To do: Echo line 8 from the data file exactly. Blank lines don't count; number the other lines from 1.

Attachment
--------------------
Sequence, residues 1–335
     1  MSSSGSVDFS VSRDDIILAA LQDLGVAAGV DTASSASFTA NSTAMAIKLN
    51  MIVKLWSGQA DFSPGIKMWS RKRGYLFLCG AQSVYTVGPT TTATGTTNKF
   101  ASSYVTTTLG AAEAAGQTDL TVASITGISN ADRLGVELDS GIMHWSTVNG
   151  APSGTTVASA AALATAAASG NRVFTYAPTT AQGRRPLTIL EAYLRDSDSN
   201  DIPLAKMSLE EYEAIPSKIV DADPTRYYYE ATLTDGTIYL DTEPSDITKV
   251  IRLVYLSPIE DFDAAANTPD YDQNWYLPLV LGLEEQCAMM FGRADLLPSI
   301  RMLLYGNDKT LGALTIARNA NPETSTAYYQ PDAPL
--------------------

   301  RMLLYGNDKT LGALTIARNA NPETSTAYYQ PDAPL